SOME WILDFLOWERS BLOOMING

One of the joys of living in the Eastern Cape is the abundance of plumbago blooming in gardens and all over the veld:

There are also these trumpet-shaped white flowers which I have not yet identified:

The Schotia afra is putting forth its scarlet blooms too:

The mother-in-laws-tongue (Sanseviera hyacinthoides) that has been flowering in the veld is also coming into bloom in my garden:

Looking very pretty in bare patches are a variety of succulents such as this ice-plant:

Lastly, are the crossberries that are coming into flower:

NOVEMBER 2021 GARDEN

I am pleased to report that my garden today is wet. Yes, really: it is wet, wet, wet and although the rain has made way for the sun, leaves are dripping – some are even weighing down the branches with the weight of rain. This is a sight for sore eyes – 28mm of rain!

Rain means mud and mud means that the Lesser-striped Swallows can proceed with their urgent task of constructing their mud nest under the eaves.

A Hadeda Ibis chick balances on the edge of the precarious nest in the back garden.

While a beautiful nest woven by an excited Southern Masked Weaver bobs up and down with no tenants – it was obviously not deemed to be good enough when the female inspected it!

My teeny weeny patch of flowers has got a new lease of life – just when I thought it was soon going to revert to being a bare patch of ground.

A very old hibiscus has come into bloom.

So has the indigenous Plumbago.

A matter of weeks ago I thought I would have to remove the Christ thorns lining the front path.

All over the garden the Crossberries are coming into bloom.

As is the very beautiful Cape Chestnut tree.

MY JANUARY GARDEN 2021

The heat of summer is scorchingly upon us – along with the absence of much-needed rain. Bird baths require filling more than once a day and current restrictions prevent the garden from receiving the watering it needs to flourish, yet most plants are surviving. I have already shown the beautiful blossoms of the Cape Chestnut and the Pompon trees, so will look much lower.

Field Bindweed – so difficult to eradicate owing to their long underground runners – twists its way between the lavender bushes and climbs up the Spekboom. It has a beauty of its own.

The small clump of Gladiolus dalenii has increased over the years and is now providing beautiful colour outside the kitchen.

Numerous butterflies are flitting about – most are too high for me to photograph. Many of them are (I think) Acara Acraea.

All over the garden self-sown Crossberries are blooming.

As are scented pelargoniums.

Lastly, the Plumbago blossoms are looking particularly beautiful right now.

A VERY LATE SPRING

Having waited months for rain and watched the dams dry up, the grass shrivel and die, leaves fall off trees to expose bare branches, and to live under relentless blue skies so beautiful it hurt to look up in the intense heat day after day, after day … it rained. Not enough to ease our water situation – our town still has no running water available several days in the week – but enough for nature to take the gap and do what it should have been able to do in the spring. To quote from Keats, we had to ask Where are the songs of Spring? / Ay, where are they? Now, as summer barrels towards autumn, we are experiencing a spring-like growth in the garden. Not only are the trees that were so bare a matter of weeks ago able to cast deep shade, but the Pompon trees (Dais cotinifolia) are sporting tiny flower buds.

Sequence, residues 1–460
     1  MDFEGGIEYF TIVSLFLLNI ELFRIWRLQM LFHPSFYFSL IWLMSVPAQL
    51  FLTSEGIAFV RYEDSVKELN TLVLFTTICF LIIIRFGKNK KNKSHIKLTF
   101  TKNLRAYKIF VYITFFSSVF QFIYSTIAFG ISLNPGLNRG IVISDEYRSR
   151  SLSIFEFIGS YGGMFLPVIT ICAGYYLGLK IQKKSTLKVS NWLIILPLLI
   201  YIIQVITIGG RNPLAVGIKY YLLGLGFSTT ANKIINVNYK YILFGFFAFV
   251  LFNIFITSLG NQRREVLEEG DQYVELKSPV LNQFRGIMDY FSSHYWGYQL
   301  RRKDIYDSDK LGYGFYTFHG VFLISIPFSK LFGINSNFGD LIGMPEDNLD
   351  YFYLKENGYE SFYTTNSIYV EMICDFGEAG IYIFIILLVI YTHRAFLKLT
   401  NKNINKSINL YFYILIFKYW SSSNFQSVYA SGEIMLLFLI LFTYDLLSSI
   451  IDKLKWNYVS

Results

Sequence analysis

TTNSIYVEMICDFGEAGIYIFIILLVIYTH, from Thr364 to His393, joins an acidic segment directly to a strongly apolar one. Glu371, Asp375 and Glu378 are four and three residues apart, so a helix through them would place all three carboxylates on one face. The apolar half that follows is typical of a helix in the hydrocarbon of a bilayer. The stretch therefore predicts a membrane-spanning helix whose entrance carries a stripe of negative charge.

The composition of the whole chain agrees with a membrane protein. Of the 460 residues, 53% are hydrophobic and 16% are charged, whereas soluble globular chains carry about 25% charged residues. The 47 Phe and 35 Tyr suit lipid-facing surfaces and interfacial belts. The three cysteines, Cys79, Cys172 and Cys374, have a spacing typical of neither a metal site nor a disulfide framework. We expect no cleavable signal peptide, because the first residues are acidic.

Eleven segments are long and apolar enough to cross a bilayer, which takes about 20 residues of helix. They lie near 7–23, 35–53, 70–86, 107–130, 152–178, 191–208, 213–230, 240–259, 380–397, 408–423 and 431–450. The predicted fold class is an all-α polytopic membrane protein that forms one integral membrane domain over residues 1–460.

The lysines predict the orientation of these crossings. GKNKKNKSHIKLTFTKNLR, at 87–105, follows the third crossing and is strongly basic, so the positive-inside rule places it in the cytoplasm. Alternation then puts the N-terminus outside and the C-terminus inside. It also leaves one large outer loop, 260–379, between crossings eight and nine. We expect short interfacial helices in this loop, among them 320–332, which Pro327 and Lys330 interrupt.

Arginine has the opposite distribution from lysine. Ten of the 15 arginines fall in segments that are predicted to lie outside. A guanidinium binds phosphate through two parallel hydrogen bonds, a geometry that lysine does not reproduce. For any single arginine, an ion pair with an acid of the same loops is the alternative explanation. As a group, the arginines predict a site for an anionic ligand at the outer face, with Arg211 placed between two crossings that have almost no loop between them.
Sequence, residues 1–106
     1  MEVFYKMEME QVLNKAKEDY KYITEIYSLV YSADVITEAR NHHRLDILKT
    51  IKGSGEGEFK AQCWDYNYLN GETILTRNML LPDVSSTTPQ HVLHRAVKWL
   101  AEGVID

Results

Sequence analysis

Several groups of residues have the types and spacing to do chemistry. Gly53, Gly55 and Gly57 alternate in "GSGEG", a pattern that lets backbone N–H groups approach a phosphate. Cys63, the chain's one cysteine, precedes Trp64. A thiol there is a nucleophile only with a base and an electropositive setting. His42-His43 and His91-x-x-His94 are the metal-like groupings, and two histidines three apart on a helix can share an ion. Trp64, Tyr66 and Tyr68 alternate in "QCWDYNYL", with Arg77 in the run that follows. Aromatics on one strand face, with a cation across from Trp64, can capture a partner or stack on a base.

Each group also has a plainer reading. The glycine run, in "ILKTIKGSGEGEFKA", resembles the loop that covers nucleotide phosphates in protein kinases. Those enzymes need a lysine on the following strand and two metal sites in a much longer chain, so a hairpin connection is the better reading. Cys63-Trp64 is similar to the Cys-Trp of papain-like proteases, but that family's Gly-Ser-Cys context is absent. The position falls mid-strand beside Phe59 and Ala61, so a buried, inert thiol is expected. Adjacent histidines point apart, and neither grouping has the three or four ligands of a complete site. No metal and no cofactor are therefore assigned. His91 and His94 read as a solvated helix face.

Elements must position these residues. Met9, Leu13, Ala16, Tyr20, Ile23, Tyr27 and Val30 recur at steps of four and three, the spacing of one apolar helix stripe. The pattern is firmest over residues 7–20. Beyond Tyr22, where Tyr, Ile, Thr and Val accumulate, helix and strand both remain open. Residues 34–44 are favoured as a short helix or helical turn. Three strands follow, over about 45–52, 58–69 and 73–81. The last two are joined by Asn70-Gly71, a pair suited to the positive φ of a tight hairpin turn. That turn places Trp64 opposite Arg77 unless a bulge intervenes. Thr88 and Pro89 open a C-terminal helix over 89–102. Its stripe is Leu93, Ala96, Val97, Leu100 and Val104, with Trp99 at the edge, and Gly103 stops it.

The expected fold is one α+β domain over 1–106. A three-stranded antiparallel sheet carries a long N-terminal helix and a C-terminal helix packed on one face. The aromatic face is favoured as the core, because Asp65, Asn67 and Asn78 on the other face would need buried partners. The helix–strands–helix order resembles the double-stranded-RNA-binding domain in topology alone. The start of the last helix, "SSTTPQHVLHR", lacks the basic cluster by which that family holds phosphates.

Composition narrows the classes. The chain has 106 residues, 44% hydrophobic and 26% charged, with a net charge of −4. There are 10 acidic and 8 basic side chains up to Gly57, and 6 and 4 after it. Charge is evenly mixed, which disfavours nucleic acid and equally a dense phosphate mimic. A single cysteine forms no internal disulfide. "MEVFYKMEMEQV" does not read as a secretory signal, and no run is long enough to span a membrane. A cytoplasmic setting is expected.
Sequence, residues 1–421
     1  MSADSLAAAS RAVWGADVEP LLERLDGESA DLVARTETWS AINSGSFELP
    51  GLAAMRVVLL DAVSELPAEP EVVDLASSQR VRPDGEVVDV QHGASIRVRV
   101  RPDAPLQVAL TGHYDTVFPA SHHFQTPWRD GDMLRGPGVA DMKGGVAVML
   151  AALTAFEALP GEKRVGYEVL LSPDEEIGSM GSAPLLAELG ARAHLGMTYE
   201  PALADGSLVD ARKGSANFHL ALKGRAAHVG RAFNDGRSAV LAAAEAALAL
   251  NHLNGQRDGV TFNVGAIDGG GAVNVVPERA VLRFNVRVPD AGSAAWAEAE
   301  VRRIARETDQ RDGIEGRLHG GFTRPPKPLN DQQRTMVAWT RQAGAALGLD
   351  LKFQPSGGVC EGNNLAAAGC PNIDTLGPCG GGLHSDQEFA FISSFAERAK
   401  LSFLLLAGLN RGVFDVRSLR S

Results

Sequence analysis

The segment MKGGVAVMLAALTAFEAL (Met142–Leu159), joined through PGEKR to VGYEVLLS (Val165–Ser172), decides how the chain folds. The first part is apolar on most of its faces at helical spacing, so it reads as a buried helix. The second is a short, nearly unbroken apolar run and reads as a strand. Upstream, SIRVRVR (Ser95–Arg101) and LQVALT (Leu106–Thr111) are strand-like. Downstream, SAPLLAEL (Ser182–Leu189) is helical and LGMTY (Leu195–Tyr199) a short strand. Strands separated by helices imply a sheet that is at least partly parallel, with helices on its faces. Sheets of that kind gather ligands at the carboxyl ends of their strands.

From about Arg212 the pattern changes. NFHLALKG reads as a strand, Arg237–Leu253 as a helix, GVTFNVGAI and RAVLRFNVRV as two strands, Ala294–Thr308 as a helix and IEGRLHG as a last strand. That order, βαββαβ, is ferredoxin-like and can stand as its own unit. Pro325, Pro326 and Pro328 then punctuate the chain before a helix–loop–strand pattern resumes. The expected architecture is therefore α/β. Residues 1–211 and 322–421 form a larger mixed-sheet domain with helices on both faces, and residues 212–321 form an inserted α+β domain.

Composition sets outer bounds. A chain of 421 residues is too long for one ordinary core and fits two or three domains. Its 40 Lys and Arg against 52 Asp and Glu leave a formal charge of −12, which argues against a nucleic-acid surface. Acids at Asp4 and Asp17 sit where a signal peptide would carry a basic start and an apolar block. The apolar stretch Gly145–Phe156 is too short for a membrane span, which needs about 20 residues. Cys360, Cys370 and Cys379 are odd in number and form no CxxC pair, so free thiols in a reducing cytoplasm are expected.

Cosmos seeds planted with enthusiasm at the end of winter have blossomed at last.

The Van Staden’s River Daisy (Dimorphotheca ecklonis) is putting out a few blossoms that are attracting insects.

Crossberry (Grewia occidentalis) flowers are out.

So are the Plumbago (Plumbago auriculata).

Soon the garden will be brightened when the Cape Honeysuckle (Tecoma capensis) comes out in full bloom.

Don’t for a moment think my garden is awash with flowers. These are the few, very few, that have made it through a scorching summer. The important thing is that they have survived and are doing their best to ensure the survival of their species.

PORTRAIT OF A KNYSNA TURACO

The name Knysna Loerie trips off the tongue and I suppose the new moniker Knysna Turaco (Tauraco corythaix) will too – in time – after all, Shakespeare told us long ago that a rose by any other name would smell as sweet. This truly beautiful bird is found only in South Africa and parts of Swaziland. It regularly appears on my monthly list of birds seen in our garden, yet I seldom show pictures of it as they flit through the treetops so silently and ‘disappear’ into the foliage in the wink of an eye. We mainly see them hopping about from branch to branch in the canopy of the Natal Fig and are always thrilled to see the red wing flashes when they fly across the garden from one tree to another.

Apart from the figs, there is plenty of other food for them in our garden including the fruits of the White Stinkwood (Celtis africana), Cotoneaster berries,

Crossberry, (Grewia occidentalis),

Wild Plum (Harpephyllum caffrum) and the Wild Peach (Kiggelaria africana). Although they cannot always be seen in the dense foliage, we can generally hear their rasping kow-kow-kow calls.

This week I was treated to a wonderful view of one preening itself after a light shower of rain.